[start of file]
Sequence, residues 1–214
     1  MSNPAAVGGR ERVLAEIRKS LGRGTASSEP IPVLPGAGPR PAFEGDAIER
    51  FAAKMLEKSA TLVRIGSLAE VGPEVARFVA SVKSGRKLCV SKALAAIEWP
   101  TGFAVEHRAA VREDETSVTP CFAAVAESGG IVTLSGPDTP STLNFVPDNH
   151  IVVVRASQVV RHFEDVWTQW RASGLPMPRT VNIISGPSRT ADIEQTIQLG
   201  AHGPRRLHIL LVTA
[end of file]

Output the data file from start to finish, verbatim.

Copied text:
Sequence, residues 1–214
     1  MSNPAAVGGR ERVLAEIRKS LGRGTASSEP IPVLPGAGPR PAFEGDAIER
    51  FAAKMLEKSA TLVRIGSLAE VGPEVARFVA SVKSGRKLCV SKALAAIEWP
   101  TGFAVEHRAA VREDETSVTP CFAAVAESGG IVTLSGPDTP STLNFVPDNH
   151  IVVVRASQVV RHFEDVWTQW RASGLPMPRT VNIISGPSRT ADIEQTIQLG
   201  AHGPRRLHIL LVTA